Can stress really turn your hair grey?

Stay calm and check the facts.

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Can stress really turn your hair grey?
Can stress really turn your hair grey?

Is it a truth that too much stress can change your color of your hair? Well, the answer is complicated. Stress gives some physical marks on our body. It can damage your mood. It may also cause various physical and mental problems.

But, when it comes to graying hair, scientists are still finding causes of it. According to the new study, there are certain factors that influence the amount of silver on the top of your head.

Melanocytes are the cells, from our hair gets color. It also adds pigment to the strands being get up through the scalp by hair follicles. But when we age, melanocytes grows weak or dies off. Thus the result, our hair does not get the same ‘paint job’. This kind of damage is known as oxidative stress. It occurs in all the cells in our bodies as a natural part of the aging process. But, it’s not because of the stress of rising looming deadlines or exams.

When our body get older, we can’t fight with particular types of toxic molecules effectively. oxidative stress kicks in, and our hair can show the effects. This is the natural graying process. But, can emotional stress play a role in the beginning of oxidative stress? Thus, it may indirectly cause grey hair?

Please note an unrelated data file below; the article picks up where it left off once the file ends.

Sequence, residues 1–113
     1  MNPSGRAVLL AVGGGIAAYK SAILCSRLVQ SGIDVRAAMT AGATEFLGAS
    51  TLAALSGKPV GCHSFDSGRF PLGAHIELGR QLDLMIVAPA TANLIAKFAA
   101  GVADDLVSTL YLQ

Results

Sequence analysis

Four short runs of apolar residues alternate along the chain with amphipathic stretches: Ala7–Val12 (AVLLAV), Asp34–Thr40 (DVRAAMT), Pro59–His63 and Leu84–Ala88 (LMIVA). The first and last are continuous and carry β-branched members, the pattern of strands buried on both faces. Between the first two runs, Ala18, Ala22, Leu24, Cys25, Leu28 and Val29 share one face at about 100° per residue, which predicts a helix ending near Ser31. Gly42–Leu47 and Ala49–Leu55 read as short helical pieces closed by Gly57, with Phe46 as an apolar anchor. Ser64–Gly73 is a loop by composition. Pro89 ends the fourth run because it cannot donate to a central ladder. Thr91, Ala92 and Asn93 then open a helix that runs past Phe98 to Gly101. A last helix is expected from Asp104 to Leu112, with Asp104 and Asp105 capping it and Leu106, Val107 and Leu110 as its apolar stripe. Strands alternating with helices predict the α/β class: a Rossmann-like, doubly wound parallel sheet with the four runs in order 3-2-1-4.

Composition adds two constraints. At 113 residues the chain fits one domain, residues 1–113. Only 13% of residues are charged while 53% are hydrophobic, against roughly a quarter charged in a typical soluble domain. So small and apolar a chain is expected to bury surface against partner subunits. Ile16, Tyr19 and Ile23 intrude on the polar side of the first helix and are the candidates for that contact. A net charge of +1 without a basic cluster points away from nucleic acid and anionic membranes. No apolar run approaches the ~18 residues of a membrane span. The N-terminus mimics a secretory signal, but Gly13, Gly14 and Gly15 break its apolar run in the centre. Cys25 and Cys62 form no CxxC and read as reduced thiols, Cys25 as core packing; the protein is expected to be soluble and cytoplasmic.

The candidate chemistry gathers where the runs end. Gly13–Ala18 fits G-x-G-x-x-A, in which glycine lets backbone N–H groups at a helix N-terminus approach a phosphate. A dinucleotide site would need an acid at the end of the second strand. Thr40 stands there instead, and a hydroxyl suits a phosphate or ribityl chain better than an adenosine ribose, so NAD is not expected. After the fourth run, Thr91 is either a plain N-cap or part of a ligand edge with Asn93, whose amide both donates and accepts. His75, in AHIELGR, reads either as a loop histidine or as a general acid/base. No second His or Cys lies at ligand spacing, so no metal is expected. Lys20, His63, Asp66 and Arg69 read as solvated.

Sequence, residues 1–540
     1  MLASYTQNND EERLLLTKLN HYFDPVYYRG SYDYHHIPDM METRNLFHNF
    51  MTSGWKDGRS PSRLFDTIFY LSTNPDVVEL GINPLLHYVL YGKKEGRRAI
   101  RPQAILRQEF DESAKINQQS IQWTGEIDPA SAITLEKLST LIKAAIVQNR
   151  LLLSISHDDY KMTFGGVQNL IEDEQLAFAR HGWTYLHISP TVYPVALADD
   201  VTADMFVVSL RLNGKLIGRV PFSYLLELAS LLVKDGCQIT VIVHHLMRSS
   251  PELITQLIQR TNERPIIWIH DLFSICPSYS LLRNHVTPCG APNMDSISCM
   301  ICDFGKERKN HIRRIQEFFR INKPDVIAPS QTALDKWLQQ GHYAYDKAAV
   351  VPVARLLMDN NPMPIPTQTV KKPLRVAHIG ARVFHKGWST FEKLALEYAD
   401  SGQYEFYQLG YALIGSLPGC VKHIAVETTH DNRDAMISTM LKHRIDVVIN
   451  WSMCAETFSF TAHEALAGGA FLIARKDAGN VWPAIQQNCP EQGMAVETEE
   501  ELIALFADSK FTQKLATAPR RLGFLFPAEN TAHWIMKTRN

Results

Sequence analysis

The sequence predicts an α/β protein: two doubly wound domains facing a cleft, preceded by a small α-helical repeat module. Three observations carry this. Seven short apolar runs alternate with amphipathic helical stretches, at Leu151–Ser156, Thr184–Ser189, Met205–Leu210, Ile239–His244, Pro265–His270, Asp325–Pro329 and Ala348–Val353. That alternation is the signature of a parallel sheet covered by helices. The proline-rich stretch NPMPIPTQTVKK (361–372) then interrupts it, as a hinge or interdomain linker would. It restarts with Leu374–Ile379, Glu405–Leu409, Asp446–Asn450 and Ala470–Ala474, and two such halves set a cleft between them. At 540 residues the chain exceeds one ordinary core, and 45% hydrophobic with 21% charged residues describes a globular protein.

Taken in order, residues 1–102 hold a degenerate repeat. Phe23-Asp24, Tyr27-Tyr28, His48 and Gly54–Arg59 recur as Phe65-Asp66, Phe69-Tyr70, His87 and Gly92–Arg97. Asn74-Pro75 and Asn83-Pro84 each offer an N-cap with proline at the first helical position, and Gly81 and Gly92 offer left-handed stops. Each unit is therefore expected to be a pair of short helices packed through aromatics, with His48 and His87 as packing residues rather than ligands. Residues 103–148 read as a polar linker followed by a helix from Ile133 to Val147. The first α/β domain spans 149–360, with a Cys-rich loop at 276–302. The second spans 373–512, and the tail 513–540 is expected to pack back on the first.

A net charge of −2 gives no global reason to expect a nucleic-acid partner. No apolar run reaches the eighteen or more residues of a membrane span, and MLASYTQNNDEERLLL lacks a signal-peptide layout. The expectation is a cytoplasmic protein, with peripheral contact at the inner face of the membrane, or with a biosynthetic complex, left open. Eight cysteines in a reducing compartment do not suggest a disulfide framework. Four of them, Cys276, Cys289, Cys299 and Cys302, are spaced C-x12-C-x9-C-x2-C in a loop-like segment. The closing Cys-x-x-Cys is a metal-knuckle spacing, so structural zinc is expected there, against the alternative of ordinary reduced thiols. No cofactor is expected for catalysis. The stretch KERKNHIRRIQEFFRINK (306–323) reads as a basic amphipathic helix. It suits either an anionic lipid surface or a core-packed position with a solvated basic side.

Previously, various study held on oxidative stress. But, the evidence for a definitive link is not specifically strong. According to scientists, it is not strong enough that most stressful situations won’t directly cause your hair colour to change.

But there are hints of something else going on.

In 2007, researchers from Harvard University suggest, regularly being stressed-out could speed up the greying process. Because stress can produce free radicals that mess with melanin production.

But that was an extremely small study, and we’re still waiting on conclusive evidence for their hypothesis.

Miri Seiberg, dermatology consultant from the Global Dermatology Institute in Florida said,

“Stress is more likely to cause hair loss and to increase shedding rather than cause greying.”

Although, by the beginning of this year, scientists from the UK identified IRF4 gene. This IRF4 gene was linked to gray hair. Scientists suggest that some of us are more willing to going grey than others. But according to scientists, there are a various number of other environmental factors involved as well. For example, smoking, being exposed to air pollution, and not getting a good diet.

It’s probably a good idea to avoid all these things if you want to maximize the chances of keeping your hair color for as long as possible.

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